Qualcomm Inc. Chief Executive Officer Paul Jacobs said that 250 devices based on the company’s Snapdragon processor are in the works, part of a push to extend its dominance beyond radio chips.
These products are in addition to 125 that have already been announced, Jacobs said at a company event today in San Diego, where Qualcomm is based. Snapdragon is Qualcomm’s applications microprocessor, a chip that runs software in mobile devices.
Qualcomm sells licenses to much of the technology that underpins so-called 3G mobile-phone services, providing the company with most of its profits. A surge in sales of phones that can access the Internet is driving demand for Qualcomm’s microprocessors and chips that translate radio signals into voice and data, which contribute the majority of revenue.
Snapdragon represents the company’s attempt to increase the amount of sales it gets from each phone and gain ground in the market for chips that run devices including tablets and small computers. Such mobile gadgets and phones are displacing personal computers, Jacobs said.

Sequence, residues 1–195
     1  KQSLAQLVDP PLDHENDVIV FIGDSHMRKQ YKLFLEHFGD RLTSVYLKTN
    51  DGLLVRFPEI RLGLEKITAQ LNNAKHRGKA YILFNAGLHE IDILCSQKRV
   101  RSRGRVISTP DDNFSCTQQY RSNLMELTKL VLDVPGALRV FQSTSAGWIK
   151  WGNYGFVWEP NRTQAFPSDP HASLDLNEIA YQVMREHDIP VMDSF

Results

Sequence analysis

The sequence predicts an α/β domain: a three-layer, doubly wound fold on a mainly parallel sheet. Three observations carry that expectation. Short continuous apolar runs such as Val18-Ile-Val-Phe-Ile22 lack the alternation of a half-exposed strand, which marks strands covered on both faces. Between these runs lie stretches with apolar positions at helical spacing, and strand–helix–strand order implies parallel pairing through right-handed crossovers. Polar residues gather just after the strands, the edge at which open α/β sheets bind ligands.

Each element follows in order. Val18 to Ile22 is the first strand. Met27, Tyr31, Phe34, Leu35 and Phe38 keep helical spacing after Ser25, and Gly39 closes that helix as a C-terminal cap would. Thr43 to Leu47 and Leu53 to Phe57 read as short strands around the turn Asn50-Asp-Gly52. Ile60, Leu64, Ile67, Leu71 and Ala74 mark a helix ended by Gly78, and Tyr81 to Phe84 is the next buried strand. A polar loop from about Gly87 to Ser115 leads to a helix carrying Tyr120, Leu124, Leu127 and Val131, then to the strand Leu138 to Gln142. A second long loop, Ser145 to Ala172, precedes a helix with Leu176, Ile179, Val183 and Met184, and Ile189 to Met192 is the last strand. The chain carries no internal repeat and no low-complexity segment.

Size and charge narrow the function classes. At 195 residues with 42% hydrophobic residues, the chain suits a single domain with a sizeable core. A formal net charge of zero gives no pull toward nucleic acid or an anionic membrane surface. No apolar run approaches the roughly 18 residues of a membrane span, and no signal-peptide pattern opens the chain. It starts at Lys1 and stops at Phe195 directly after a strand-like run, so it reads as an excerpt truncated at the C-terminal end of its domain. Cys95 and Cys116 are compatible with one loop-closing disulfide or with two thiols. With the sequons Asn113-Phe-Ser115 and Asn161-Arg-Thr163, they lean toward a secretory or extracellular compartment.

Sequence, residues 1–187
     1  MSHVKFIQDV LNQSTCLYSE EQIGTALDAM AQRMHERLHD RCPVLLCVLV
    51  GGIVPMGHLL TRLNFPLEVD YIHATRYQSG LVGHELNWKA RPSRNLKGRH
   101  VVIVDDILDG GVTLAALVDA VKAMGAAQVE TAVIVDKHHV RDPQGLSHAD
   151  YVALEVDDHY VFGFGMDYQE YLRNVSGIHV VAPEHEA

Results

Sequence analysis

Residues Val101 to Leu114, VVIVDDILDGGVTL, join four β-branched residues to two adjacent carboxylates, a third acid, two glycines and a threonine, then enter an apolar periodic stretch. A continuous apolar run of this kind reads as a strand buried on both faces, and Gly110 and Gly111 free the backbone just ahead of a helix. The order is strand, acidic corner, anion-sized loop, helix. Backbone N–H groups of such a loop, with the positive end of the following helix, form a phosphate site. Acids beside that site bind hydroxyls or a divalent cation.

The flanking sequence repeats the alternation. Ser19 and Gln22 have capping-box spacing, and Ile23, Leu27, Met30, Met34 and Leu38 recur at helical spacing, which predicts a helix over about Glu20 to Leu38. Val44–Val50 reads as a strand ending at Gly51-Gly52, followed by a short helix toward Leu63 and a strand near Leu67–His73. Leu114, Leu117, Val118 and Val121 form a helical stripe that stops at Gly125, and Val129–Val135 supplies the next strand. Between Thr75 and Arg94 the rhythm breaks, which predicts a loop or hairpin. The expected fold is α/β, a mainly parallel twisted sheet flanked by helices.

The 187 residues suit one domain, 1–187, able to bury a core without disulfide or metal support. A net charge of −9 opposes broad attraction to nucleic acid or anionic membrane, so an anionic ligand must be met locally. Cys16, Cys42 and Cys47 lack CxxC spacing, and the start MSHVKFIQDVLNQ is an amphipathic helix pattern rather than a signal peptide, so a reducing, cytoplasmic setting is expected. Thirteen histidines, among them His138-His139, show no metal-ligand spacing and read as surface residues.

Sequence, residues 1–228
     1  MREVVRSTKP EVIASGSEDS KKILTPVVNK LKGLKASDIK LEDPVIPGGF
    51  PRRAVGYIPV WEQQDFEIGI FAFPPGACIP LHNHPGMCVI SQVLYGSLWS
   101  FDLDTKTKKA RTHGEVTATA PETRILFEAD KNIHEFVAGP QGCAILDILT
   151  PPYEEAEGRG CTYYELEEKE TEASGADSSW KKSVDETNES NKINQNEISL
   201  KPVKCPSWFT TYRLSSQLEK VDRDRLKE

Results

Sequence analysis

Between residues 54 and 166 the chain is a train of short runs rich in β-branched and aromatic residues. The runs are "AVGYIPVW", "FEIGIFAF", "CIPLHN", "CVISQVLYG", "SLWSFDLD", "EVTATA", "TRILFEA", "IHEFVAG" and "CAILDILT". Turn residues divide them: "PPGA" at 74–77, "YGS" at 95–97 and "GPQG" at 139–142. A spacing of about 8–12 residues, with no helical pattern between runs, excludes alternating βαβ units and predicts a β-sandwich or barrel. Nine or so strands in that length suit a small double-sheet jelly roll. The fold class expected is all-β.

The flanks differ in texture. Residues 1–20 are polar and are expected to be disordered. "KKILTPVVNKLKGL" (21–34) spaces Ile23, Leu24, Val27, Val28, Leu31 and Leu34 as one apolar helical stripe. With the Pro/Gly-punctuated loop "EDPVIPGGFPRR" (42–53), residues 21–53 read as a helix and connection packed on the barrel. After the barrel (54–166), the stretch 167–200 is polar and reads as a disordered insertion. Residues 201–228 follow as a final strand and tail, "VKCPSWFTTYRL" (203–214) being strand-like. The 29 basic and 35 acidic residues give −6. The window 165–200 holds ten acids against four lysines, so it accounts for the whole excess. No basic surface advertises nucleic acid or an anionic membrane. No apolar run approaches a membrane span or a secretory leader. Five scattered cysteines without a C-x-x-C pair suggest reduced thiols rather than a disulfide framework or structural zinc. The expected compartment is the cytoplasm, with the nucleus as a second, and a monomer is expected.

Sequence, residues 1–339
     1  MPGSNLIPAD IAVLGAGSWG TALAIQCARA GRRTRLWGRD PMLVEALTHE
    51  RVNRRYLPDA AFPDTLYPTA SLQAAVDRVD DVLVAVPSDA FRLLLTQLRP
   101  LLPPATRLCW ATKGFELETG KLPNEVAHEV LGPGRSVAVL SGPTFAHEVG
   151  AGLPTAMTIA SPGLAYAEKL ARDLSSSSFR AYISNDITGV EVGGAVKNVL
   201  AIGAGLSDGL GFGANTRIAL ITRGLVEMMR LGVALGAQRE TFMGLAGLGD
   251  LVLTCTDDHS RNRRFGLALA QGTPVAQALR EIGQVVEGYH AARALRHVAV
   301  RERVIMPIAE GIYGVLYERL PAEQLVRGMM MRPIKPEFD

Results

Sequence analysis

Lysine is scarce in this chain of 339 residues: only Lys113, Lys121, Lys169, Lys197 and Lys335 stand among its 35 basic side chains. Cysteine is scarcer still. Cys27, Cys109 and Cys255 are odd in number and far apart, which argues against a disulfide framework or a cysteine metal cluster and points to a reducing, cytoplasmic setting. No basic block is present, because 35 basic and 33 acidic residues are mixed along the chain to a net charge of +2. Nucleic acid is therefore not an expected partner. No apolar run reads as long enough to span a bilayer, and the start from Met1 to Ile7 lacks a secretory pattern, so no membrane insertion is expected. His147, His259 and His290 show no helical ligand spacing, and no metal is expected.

“Mobile is now the dominant computing platform, and it’s never going back,” he said. “Computing has changed forever.”
Qualcomm fell $1.44, or 2.5 percent, to $57.16 at 4 p.m. New York time on the Nasdaq Stock Market. The stock has gained 15 percent this year.